You are gonna hear me say that a lot before this review is over, this movie is just a dam good time and a whole lot of fun. It's not just the music though, the actors help immensely with that feeling with their glowing performances. Julianne Hough is someone I was aware of by name only before this but despite being saddled with a rather generic character she hit it out of the park whenever that spotlight was turned on her. Diego Bonita is another unknown to me and other than having a striking resemblance to a young Matthew McConaughey, he also did a bang up job when he was up to bat (especially when it came to those boy band scenes). Alec Baldwin and Russell Brand could almost be considered a duo here since they never leave each others side (which is explained why in one of the more lighthearted and completely unnecessary duets of the film), but both were clearly having a lot of fun, especially Baldwin. Catherine Zeta-Jones is probably the one person in the film I knew would be great with her previous experience in Chicago and she did not let me down (even in her mid 40s she can still move those hips like a pro). Malin Akerman was responsible for probably my favorite scene in the film with her duet with Cruise and even Paul Giamatti, seemingly reprising his role as Pig Vomit from Private Parts, got in on the action with a very brief lyric which was hopefully intentionally funny (I mean, who went into this expecting him to sing?).

Tom Cruise steals the show with little effort.

There was not a weak link amongst the actors assembled here and the fact that they all did their own vocals is even more impressive when you think back at the long line of musicals where great actors failed at turning in credible musical performances. That of course brings me right back to my original point, this movie is all about the music. The characters and story are there to serve as a vessel to deliver that music to us and it really shouldn't be judged on any other basis. Yes, it would have been nice to have a story that wasn't so cliche or characters that weren't so one note but at the end of the day, all that really matters is if you had a good time while watching it.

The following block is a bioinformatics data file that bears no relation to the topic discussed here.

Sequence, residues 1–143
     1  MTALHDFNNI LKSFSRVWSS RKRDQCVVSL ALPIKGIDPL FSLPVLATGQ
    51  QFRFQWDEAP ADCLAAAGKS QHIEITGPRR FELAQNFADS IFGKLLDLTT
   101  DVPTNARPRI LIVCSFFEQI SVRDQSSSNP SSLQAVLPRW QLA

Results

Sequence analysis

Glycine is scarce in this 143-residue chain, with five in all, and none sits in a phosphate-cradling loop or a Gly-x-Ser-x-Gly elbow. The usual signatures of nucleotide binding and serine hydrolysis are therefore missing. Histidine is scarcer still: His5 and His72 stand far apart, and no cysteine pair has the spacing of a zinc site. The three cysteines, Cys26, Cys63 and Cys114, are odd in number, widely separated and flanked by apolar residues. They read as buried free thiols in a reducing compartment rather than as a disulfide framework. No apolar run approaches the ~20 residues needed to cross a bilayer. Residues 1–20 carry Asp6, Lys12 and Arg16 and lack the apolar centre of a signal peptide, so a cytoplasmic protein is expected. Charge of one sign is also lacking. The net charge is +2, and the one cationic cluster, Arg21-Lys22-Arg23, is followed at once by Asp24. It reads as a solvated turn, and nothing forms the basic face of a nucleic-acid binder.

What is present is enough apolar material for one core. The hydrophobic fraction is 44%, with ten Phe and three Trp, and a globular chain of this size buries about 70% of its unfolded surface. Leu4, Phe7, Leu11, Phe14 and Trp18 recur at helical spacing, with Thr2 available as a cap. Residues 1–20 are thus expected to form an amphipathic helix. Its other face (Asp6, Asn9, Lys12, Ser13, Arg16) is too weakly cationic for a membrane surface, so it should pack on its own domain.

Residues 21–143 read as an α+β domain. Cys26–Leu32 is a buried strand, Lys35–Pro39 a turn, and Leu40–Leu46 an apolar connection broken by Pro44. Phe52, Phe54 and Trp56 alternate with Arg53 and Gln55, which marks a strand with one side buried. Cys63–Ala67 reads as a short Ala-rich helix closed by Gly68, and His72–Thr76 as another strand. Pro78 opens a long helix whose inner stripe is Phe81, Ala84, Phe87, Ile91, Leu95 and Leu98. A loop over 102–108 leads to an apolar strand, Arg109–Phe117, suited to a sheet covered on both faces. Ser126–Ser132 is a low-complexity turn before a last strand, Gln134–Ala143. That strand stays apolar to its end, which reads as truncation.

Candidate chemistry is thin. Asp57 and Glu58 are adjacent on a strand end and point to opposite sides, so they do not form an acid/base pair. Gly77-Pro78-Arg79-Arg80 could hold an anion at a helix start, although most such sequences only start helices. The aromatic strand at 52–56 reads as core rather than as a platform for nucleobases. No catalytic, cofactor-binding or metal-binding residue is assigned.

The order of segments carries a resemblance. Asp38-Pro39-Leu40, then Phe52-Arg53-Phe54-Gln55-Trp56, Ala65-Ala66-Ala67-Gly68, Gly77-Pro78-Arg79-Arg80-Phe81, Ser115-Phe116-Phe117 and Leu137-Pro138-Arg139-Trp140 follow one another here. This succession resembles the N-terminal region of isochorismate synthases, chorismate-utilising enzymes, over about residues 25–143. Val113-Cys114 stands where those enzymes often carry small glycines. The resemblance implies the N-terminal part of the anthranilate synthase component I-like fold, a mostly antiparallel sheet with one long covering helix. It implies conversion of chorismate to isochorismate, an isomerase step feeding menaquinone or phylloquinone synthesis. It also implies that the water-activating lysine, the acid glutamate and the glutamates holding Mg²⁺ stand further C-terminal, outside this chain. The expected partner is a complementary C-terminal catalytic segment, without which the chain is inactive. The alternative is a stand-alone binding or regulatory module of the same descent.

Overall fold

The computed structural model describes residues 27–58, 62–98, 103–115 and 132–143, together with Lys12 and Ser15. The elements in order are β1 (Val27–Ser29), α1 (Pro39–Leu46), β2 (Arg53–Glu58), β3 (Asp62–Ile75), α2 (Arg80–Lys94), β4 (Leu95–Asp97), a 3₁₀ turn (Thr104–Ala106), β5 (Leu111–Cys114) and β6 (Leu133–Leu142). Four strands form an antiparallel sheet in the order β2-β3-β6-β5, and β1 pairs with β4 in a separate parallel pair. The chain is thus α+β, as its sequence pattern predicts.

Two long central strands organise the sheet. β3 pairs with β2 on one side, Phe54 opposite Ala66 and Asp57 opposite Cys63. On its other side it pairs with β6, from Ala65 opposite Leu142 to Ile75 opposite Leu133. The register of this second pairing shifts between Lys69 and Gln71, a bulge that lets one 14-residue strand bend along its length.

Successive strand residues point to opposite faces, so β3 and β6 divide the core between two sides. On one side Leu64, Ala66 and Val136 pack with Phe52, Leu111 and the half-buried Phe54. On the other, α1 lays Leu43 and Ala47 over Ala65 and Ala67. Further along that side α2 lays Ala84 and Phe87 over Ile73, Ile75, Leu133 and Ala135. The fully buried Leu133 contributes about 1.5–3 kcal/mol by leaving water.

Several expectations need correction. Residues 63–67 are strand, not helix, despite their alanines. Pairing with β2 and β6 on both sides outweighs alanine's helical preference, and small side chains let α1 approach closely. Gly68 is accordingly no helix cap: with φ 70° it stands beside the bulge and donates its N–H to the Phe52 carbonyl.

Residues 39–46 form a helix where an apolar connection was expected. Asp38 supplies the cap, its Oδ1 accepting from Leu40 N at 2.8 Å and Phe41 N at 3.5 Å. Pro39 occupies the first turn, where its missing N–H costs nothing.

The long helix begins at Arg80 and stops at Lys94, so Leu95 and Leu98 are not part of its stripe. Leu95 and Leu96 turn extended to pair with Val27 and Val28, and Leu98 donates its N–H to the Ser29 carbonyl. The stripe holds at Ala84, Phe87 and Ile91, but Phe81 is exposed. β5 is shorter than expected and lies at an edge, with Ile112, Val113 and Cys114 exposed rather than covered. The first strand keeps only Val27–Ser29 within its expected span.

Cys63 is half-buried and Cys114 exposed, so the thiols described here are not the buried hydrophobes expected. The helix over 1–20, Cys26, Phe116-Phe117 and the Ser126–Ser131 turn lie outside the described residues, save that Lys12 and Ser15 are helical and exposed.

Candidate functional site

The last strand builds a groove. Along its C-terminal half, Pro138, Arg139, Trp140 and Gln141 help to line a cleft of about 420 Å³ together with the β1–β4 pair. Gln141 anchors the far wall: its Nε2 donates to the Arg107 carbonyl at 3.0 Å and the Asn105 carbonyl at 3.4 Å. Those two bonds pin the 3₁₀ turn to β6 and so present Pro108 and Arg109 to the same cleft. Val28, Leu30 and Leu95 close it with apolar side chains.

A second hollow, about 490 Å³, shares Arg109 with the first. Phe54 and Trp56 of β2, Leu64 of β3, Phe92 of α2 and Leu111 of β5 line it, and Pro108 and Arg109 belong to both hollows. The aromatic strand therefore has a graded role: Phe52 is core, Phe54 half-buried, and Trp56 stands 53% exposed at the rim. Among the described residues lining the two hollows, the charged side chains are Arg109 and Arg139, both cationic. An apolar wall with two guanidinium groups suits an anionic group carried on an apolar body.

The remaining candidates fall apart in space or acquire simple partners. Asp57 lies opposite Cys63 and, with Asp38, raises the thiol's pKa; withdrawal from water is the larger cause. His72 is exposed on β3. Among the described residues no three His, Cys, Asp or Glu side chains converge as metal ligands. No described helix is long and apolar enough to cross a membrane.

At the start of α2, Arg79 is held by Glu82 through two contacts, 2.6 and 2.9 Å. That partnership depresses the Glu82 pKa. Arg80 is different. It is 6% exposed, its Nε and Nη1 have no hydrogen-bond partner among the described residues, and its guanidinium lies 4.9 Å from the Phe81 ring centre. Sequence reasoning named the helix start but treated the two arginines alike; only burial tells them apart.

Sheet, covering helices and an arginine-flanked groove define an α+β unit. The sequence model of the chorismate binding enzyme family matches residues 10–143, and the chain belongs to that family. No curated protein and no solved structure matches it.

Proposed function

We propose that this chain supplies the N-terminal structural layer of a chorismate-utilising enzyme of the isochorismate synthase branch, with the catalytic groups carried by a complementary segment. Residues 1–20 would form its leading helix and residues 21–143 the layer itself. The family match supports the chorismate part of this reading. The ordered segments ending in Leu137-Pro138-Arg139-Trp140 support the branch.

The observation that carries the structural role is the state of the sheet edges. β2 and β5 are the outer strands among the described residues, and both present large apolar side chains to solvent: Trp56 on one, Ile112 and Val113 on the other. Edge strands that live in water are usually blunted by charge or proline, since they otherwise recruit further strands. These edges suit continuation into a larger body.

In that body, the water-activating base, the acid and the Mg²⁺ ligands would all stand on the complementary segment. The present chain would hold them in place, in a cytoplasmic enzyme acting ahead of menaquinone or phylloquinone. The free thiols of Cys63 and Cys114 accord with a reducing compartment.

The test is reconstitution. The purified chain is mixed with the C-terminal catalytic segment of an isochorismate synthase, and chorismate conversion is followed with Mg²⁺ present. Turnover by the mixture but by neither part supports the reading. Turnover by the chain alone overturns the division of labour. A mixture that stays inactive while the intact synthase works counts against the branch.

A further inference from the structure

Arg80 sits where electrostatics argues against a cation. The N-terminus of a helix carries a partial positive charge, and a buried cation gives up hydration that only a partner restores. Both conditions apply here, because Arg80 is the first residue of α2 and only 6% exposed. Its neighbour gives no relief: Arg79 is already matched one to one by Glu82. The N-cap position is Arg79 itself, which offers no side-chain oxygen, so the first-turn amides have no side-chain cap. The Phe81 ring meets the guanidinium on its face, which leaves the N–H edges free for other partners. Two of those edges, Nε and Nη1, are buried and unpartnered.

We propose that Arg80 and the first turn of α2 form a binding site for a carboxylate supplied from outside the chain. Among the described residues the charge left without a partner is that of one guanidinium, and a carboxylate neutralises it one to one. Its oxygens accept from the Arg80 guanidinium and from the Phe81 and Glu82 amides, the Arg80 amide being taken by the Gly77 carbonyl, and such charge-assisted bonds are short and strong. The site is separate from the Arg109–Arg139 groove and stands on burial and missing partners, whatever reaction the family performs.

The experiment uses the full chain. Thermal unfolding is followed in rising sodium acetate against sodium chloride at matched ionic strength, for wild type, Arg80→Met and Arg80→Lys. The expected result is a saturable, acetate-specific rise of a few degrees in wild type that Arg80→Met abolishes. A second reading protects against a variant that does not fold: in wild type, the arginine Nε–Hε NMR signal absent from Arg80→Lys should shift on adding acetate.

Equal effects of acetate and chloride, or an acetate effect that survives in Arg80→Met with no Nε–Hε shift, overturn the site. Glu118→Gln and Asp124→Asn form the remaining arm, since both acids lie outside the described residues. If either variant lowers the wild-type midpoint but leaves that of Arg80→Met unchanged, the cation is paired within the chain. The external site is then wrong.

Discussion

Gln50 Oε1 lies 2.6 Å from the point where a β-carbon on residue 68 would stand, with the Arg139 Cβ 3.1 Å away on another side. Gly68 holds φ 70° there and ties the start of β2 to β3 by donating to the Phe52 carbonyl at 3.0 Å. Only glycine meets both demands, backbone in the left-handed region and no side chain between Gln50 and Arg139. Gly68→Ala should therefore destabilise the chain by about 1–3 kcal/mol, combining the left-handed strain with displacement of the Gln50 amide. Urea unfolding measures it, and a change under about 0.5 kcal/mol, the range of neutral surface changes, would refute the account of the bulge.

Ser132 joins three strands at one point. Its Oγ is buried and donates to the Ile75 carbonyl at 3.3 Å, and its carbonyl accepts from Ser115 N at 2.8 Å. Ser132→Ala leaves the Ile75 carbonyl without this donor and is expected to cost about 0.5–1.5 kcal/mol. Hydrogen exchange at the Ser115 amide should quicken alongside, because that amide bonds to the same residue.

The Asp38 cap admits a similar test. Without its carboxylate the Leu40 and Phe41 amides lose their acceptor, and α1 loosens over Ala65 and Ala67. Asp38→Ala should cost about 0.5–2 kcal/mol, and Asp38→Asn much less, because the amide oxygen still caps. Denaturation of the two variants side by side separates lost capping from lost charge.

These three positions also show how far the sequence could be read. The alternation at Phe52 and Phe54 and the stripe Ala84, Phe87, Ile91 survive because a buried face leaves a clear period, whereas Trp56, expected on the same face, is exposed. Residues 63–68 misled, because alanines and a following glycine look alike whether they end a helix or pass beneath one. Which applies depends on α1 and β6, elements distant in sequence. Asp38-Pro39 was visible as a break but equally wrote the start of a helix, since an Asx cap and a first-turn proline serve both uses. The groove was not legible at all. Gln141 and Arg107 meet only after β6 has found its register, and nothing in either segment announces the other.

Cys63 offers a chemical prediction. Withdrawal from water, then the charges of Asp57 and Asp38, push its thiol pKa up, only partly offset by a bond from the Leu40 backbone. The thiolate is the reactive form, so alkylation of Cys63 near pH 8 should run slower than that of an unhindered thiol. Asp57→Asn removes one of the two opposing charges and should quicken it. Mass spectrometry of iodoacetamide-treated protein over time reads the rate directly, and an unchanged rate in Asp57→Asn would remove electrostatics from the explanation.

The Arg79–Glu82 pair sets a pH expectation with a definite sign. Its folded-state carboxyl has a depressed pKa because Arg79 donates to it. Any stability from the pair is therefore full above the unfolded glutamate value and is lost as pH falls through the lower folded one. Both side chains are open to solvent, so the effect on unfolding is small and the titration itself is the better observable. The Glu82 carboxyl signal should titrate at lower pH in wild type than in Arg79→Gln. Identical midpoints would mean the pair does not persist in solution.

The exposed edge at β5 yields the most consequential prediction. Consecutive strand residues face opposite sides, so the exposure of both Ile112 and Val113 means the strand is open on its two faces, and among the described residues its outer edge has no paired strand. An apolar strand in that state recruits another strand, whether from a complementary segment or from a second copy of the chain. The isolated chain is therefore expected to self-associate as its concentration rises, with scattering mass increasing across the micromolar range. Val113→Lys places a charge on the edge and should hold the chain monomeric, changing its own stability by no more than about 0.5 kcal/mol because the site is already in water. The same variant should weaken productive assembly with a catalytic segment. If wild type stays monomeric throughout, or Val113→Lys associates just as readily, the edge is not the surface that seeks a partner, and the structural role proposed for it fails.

I had a great time with Rock of Ages and I think any other child of the 80's will also find a lot to love about it. Don't worry about whether or not someone you know didn't like it or if your favorite critic said the music wasn't very good. Hell, take everything I have said with grain of salt as well (I suggest you do that for everything I write or say as a matter of fact). Movies in general are always highly subjective and when it comes to a musical it becomes even more difficult to judge who will or will not like it, which is why most musicals featuring known quantities as opposed to original pieces often have such mixed reviews, because not everyone has the same taste in music. Based on that alone, if you are a fan of the music featured in Rock of Ages then I say luck may be in your favor with this one. It may not be perfect but it hits all the notes it needs to and on that basis alone I suggest that when you get a chance...